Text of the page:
The Red Mountain grape growing region is Washington State’s smallest American Viticultural Area (AVA), defined in 2001 by the U.S. Treasury and the ATF. Located at the eastern tip of the Yakima Valley, just west of the Tri-Cities (Richland) area, this important area encompasses little more than 4,000 acres (only 700 acres are planted with producing vines so far) of mostly Cabernet Sauvignon, Chardonnay, Merlot and Syrah grapes. But here is where you’ll find some of the best wine grapes in all of Washington.

The arid region is characterized by the springtime’s red Cheatgrass growing on the area’s rolling hills 500-1500 ft. above sea level. Daytime temperatures stay 90 degrees, with cooler nights reaching 50. Rainfall stays low, near 5 inches a year. The dry, warm temperatures are ideal conditions to grow the perfect grapes, You won’t find any “Old Vine” Red Mountain grapes yet but that time is getting close…the first wine grapes in the Red Mountain area were planted in 1972, on 10 acres of what is now Kiona.
Red Mountain

A view of Washington's smallest wine appellation

Only 14 wineries call this area home. Among them:  Hedges, Kiona, Seth Ryan, Oakwood, Blackwood Canyon, Taptiel Vineyard, Hightower and Terra Blanca. Additional grape-growers include Klipsun Vineyards (Ranked in the top 25 vineyards in the world by Wine & Spirits Magazine), Ciel de Cheval Vineyards, Artz Vineyards. Across the state, the finer wineries seek out the coveted Red Mountain grapes to blend into the growing number of outstanding Washington red wines. You’ll find Red Mountain grapes in the wines from Woodward Canyon, Quilceda Creek, Andrew Will, L’Ecole No. 41, Washington Hills, Seven Hills and Canoe Ridge and more.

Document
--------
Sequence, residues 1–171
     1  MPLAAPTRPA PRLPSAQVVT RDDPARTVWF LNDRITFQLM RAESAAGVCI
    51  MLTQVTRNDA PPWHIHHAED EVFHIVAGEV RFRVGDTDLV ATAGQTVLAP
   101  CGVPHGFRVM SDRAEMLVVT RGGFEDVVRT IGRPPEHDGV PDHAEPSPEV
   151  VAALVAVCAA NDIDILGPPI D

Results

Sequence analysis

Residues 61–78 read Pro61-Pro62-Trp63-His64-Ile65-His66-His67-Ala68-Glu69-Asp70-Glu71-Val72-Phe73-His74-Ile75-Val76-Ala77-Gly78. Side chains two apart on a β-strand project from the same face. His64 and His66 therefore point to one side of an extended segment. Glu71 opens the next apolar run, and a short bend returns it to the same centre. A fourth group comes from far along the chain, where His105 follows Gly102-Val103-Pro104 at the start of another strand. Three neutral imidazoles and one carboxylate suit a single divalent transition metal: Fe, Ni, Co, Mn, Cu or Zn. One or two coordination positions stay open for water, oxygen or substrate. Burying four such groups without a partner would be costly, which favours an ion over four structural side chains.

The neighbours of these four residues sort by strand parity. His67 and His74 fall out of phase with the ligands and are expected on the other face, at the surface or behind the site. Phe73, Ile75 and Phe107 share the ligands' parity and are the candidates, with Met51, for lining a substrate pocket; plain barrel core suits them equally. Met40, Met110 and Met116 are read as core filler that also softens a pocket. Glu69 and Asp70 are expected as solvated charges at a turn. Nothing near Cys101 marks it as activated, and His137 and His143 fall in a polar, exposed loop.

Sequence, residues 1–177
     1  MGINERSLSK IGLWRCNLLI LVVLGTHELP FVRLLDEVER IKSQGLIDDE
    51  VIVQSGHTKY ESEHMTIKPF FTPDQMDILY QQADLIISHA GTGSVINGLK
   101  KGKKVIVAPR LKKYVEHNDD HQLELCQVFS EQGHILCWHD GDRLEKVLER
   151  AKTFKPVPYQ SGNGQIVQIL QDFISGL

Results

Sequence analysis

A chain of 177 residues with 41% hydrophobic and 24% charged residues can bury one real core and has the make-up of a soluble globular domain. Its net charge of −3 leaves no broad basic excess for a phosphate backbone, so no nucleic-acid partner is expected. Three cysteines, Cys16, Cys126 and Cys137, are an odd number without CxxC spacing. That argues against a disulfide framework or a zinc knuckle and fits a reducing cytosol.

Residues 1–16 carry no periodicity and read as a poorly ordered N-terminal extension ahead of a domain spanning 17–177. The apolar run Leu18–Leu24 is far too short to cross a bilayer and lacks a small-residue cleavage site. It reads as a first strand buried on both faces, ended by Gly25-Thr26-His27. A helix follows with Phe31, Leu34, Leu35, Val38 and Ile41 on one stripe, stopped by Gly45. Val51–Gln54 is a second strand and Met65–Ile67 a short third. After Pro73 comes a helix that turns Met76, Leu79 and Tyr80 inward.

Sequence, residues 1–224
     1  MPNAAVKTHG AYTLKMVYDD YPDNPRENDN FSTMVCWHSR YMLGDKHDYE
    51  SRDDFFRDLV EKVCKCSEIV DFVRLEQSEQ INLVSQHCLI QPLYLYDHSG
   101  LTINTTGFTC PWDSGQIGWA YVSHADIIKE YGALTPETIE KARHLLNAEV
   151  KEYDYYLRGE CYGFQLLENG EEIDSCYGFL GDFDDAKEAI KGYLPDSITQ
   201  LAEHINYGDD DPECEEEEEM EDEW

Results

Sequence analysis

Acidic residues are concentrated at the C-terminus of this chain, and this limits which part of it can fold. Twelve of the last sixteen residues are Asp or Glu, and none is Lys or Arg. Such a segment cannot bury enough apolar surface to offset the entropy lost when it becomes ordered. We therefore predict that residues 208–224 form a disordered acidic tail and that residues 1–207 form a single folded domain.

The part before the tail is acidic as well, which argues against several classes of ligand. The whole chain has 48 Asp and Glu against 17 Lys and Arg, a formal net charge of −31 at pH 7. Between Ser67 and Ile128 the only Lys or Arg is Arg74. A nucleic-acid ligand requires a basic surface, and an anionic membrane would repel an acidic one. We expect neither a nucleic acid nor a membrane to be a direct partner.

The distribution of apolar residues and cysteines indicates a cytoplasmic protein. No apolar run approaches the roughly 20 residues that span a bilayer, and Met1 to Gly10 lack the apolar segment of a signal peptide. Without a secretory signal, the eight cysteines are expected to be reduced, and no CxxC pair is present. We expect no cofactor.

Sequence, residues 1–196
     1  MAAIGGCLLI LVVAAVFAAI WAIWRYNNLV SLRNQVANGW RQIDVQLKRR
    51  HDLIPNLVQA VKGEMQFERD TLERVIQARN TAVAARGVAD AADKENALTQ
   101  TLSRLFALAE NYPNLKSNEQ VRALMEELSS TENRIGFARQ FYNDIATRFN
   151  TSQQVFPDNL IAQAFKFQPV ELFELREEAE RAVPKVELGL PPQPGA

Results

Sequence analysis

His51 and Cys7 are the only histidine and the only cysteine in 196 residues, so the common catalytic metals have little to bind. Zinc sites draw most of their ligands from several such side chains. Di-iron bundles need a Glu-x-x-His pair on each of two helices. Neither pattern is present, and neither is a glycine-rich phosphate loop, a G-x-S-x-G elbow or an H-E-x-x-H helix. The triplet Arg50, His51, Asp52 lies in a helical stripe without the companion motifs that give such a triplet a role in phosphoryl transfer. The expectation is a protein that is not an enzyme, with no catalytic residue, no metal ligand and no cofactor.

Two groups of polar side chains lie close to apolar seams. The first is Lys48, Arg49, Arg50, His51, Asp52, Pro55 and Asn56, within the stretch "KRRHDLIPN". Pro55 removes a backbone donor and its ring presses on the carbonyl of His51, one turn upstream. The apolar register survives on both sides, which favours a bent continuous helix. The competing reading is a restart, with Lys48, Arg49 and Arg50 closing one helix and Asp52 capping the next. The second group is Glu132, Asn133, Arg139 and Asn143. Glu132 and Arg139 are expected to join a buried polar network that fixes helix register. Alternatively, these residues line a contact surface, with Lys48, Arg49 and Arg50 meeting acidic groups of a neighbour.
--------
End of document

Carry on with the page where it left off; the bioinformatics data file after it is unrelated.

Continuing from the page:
Success has come quickly… Wine Enthusiast Magazine’s Top 100 Wines for 2002 listed Hedges Red Mountain Reserve ($46) and Sandhill’s Cabernet Sauvignon ($24), as well as Andrew Will’s Ciel du Cheval Merlot and Quilceda Creek’s Cabernet Sauvignon. Hedge’s Fume/Chardonnay ($11) also made the “Top 100 Values” from Wine Enthusiast’s 2002 list.

Look for increasing success and production in the region as more acreage is planted and more vines bear fruit with age. With such perfect growing conditions, and rising talent gaining experience each year, Washington’s Red Mountain will be the region to watch!

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